Housing Resource Center

Founded in 1980, HDDC promotes the preservation and revitalization of the Auburn Avenue area (Martin Luther King, Jr. Historic District) in the Old Fourth Ward of Atlanta. Since its inception, the group has redeveloped and historically preserved over 110 single family homes, constructed nearly 500 units of multifamily housing, and added over 40,000 square feet of commercial space in the Old Fourth Ward.

Resources for Residents and Communities (formerly the Reynolds Revitalization Corporation)

Resources for Residents and Communities empowers people to build sustainable local communities through housing and economic development initiatives, homebuyer education, financial counseling, and community events.  Founded in 1989 as Reynoldstown Revitalization Corporation, the nonprofit changed its name as its focus expanded from the Reynoldstown neighborhood to the broader metro Atlanta area.  One key initiative is its R’town Youth Work Team, which provides paid employment and job training to area youth, who maintain common areas, help with community events, and trim shrubs for elder residents.

Summech Community Development Corporation

Summech CDC focuses on redeveloping Atlanta’s Mechanicsville neighborhood into an attractive and viable community for residents and businesses. Since its establishment in 1989, the CDC has developed nearly 1,000 units of rental and infill housing. Summech also provides free homeownership and homebuyer services, including a range of classes and individual counseling.

University Community Development Corporation

Established by Clark Atlanta University in 1988 and reorganized in 1999 to support the broader Atlanta University Center Consortium, the University Community Development Corporation (UCDC) aims to create safe, vibrant, healthy, and sustainable communities in and around the Atlanta University Center (AUC) through economic and social development initiatives.  Its housing development projects are credited with investing over $6 million in the AUC area, resulting in 25 new and 26 rehabbed single-family homes.  In partnership with the city and community partners, UCDC is collaborating on a range of waste, energy, transportation, safety, and urban agriculture projects designed to demonstrate best practices in sustainability and result in more sustainable, resilient, and just neighborhoods.

State & Local Investments

Invest Atlanta

As the City’s official economic development authority, Invest Atlanta works to strengthen Atlanta’s economy and global competitiveness to create increased opportunity and prosperity for city residents.  It administers a range of loan programs to support small business.  For instance, its Opportunity Loan Program provides gap financing to Atlanta small and medium-sized businesses that create at least five new jobs.  Established to catalyze job creation, economic development, and neighborhood revitalization in underserved areas of Atlanta, its New Markets Catalyst Fund is a revolving loan program that provides loans to businesses in designated low-income census tracks.  In 2015, Invest Atlanta made loans to 21 small businesses, investments credited with leveraging $2.5 million in development activity.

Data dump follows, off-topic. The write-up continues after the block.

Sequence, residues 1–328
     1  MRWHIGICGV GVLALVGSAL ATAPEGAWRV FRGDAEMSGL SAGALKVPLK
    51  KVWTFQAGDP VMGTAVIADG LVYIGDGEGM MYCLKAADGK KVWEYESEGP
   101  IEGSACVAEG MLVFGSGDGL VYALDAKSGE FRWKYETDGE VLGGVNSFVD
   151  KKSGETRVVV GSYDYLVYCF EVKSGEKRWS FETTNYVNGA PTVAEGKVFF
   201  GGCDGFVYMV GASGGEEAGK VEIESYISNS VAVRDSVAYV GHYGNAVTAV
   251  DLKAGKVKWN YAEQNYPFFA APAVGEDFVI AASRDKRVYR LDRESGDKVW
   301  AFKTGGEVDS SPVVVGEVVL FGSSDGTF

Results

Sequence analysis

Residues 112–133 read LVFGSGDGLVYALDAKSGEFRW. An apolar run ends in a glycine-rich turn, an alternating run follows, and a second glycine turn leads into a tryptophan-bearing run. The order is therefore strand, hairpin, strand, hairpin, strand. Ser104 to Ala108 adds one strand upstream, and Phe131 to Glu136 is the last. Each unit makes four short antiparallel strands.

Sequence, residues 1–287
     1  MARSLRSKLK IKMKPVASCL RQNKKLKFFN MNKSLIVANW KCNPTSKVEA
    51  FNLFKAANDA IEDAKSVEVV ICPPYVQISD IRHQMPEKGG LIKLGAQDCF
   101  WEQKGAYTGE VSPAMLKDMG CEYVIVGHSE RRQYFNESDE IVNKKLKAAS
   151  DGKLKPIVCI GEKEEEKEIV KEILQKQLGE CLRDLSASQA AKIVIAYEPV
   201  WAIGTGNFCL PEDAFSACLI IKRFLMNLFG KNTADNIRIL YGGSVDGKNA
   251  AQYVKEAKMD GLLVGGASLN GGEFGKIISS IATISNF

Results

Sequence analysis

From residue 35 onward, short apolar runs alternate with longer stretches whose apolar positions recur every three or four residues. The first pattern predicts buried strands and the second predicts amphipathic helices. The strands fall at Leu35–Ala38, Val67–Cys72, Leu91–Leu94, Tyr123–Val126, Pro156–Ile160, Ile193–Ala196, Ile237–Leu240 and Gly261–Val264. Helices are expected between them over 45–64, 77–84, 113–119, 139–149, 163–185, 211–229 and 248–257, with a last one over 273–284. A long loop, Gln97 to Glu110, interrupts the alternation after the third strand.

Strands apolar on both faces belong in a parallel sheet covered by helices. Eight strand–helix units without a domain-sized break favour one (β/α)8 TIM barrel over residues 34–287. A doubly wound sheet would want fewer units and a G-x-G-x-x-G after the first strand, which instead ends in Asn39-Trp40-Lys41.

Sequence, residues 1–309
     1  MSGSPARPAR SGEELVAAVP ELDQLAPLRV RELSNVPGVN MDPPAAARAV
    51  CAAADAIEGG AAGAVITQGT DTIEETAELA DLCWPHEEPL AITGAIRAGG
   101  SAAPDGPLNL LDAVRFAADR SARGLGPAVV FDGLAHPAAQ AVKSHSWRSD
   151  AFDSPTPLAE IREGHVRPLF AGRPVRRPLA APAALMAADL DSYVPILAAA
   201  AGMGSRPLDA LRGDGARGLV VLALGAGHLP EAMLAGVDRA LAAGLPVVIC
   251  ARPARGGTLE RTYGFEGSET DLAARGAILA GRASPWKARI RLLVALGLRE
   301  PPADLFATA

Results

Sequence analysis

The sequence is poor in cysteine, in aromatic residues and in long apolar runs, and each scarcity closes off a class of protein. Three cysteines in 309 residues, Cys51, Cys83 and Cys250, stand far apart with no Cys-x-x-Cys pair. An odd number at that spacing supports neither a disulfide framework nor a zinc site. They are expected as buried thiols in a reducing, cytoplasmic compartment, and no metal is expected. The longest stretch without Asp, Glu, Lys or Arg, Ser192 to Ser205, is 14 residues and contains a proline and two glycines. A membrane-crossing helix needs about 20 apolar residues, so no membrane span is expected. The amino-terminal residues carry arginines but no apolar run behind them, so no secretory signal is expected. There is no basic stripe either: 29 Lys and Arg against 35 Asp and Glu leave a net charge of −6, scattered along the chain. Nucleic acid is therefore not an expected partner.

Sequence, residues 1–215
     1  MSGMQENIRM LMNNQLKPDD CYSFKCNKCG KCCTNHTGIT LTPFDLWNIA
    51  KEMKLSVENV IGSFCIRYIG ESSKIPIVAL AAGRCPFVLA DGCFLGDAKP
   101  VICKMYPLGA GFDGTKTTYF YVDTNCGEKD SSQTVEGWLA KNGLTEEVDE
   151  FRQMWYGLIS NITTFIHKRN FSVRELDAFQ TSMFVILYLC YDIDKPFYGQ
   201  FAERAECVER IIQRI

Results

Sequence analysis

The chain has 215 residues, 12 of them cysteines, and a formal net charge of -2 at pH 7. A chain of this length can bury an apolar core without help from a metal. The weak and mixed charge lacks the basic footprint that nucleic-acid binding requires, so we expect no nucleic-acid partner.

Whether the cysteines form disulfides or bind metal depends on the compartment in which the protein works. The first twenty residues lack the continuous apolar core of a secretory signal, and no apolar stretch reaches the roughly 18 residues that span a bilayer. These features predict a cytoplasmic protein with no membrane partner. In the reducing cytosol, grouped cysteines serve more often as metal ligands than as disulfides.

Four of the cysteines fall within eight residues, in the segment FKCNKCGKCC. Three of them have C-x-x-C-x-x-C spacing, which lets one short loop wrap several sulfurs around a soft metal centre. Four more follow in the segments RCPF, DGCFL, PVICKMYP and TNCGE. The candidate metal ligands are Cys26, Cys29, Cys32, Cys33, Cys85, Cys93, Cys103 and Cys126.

Women’s Entrepreneurship Initiative (WEI)

Launched in 2016, the Women’s Entrepreneurship Initiative (WEI) focuses on helping Atlanta women business owners succeed.  To do so, it provides free incubator space to grow their businesses and workshops and mentorship to emerging and future women entrepreneurs.  Its incubator program currently includes 15 women, all of whom have been operating small Atlanta businesses for at least 2 years.

Employee Stock Ownership Plans (ESOPs)

North Highland Company

Founded in a small office on North Highland Avenue on Atlanta's east side in 1992, North Highland has since grown to more than 3,000 employees in over 60 offices across the globe. The consultant firm focuses on solving challenges related to customer experience, transformation, performance, and technology.  Since 2007, the employee-owned firm has been named a “Best Firm to Work For” every year by Consulting Magazine.

Wayfield Foods

Founded in 1982 by two Atlanta-area businessmen and converted to an ESOP in 1992, Wayfield now has 8 locations and over 500 employees. In 2016, the grocery won the Center for Civic Innovation’s Corporate Civic Impact award for its commitment to educating the community about healthy living.